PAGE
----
There are some very sound scientific reasons why our gut instincts are always right.
Did you know that there are hundreds of millions of neurons in your enteric nervous system (the lining of your intestines) that communicate with your brain through the vagus nerve (which runs through your abdomen and chest to the base of your brain)?
We sense things in our gut often before our other senses have caught up.
Hence that uneasy feeling we get even when we can’t see anything out of the ordinary. It is part of our early warning system for flight or fight, but it isn’t only our fear responses that can set these neurons jangling.
Excitement and anxiety are made up of a similar cocktail of hormones. A great phrase I read somewhere is ‘anxiety is just excitement minus breathing!’
So your gut instinct or gut reaction is usually right whether you feel excited or anxious and it’s not just useful in dark alleys or when you meet someone for the first time, it’s a great barometer for checking whether a decision is a good one – or not. Ignore your guts at your peril!
In Eastern thought the Hara is the centre of your energy and refers to the lower back and abdomen (pretty much where your intestines are), the Hara point being just below your navel.
The Japanese consider that the vital spirit resides in the Hara and describes the quality of a person’s energy. All movements and power in the martial arts originate from the Hara and we always feel stronger, more centred and more empowered when our Hara is strong. And of course our core strength, good digestion, good posture emanates from this.
Another great phrase I discovered a while back is ‘the road to health is paved with good intestines.’ That would be mental health as well as physical then.
The second intuition centre is the heart. It too has its own independent nervous system with at least forty thousand neurons firing away. You can read all about the science here. We often say ‘I know in my heart’ or even ‘I know in my heart of hearts’ and these aren’t just airy fairy phrases, the heart really does know.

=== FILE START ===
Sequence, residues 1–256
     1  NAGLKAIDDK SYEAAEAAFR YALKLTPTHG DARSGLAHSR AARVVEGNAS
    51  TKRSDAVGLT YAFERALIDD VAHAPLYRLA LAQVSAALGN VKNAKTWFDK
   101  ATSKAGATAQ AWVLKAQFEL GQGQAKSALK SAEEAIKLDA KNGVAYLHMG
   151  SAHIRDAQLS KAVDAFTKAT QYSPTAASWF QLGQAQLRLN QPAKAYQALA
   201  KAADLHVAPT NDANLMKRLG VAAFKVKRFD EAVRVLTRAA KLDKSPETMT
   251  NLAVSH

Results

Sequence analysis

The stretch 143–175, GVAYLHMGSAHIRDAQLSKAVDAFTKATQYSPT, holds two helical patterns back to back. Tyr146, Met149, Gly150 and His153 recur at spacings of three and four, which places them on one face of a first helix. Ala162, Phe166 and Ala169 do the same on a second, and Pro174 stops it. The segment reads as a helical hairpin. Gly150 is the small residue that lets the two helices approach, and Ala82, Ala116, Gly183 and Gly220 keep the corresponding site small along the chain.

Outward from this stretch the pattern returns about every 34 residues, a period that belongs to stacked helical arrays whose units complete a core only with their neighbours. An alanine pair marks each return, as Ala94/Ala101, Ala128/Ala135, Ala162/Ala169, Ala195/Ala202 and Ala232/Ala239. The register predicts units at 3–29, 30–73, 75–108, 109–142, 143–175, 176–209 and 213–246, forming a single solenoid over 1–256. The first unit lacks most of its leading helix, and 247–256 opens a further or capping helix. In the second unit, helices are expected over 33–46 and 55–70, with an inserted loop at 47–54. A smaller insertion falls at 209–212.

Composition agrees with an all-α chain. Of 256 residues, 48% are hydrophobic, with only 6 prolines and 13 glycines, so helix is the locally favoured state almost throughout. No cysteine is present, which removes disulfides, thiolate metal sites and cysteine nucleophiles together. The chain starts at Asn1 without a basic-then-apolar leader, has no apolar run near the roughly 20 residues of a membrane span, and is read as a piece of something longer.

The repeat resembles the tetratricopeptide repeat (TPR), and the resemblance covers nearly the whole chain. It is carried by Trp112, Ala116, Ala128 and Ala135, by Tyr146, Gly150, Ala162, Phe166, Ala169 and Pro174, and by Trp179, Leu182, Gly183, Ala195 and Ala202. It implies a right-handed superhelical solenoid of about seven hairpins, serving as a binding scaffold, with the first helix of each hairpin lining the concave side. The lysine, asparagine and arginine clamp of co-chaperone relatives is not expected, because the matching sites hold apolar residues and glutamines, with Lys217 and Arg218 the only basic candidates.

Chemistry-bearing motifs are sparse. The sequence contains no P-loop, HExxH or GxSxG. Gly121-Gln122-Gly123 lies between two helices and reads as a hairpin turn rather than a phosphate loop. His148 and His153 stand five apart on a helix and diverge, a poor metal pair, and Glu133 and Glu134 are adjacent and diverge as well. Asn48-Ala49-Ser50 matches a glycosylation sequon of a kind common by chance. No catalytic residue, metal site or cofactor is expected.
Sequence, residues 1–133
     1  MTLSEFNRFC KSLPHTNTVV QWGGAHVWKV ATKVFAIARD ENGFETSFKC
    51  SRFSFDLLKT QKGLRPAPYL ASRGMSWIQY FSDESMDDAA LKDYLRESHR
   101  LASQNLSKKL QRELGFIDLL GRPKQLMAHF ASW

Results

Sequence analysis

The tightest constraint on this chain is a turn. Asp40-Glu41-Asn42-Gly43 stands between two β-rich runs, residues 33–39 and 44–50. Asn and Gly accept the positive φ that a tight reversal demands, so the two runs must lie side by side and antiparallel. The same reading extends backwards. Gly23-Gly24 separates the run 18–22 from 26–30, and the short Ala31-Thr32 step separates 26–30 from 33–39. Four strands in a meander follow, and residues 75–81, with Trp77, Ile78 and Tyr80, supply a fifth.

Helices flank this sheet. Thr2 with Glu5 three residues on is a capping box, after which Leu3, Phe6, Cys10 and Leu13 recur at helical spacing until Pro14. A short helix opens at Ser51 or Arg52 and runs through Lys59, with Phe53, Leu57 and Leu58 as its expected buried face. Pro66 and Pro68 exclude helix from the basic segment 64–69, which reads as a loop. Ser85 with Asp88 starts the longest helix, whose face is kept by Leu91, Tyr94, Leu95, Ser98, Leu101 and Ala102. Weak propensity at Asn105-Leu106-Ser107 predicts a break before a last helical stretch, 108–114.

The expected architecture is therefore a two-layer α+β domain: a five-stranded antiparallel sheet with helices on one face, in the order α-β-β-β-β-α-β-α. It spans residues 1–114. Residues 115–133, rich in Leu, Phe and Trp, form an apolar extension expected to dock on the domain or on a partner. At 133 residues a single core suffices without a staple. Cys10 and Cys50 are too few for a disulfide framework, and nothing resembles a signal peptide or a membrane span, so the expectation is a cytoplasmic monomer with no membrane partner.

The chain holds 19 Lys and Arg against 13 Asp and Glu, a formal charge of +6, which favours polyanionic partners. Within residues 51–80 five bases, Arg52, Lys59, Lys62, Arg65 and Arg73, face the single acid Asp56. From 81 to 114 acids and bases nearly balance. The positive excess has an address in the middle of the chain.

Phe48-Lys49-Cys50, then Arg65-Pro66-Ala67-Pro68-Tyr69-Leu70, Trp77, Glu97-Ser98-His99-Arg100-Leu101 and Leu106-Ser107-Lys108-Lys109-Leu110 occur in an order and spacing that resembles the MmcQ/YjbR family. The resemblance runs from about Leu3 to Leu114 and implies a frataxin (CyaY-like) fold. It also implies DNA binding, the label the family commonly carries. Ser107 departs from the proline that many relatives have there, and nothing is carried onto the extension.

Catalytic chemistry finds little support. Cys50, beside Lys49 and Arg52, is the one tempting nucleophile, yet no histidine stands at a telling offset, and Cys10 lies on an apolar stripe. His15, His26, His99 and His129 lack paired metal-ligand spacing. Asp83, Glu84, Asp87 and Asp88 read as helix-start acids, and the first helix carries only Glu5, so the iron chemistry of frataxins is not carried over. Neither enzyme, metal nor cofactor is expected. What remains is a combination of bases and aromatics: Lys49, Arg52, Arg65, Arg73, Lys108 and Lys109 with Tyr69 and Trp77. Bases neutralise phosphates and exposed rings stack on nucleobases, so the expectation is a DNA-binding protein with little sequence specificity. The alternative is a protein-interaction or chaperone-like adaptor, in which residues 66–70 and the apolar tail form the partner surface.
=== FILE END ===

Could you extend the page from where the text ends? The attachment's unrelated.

So when we tune in to our heart as well as our gut, we can make quicker and better decisions.
You might notice when you really start becoming aware of your gut instincts and your heart intuition, that the gut is often the first point of awareness. This is the ‘protector’ kicking in. For example I recently took a decision to turn down a writing project even though it would have been fun and I loved the people involved. However as much as I could have done it, the work was out of my area of expertise and my guts were jangling. The way I see it, they were protecting me from damaging my relationships and reputation by taking on something I wasn’t best equipped to do.
As it happened I knew someone who did have the expertise and the contacts, so I recommended her. My heart knew she was the right one for the job and it felt good to be able to pass that project on.
How did I know that my heart knew? Because there was a feeling of expansion and lightness. Where the gut feeling might be heavy or constricted or churny, the heart feeling is light and freeing.
In the last few months I have had some other big decisions to make and using my brain has not been particularly helpful in the decision-making process. With at least two of these decisions, I knew in my heart and in my guts what the right course of action was months before my ‘logical’ brain finally gave in trying to find another way.
How much less stressful would it have been to have gone with my guts and heart when I first knew?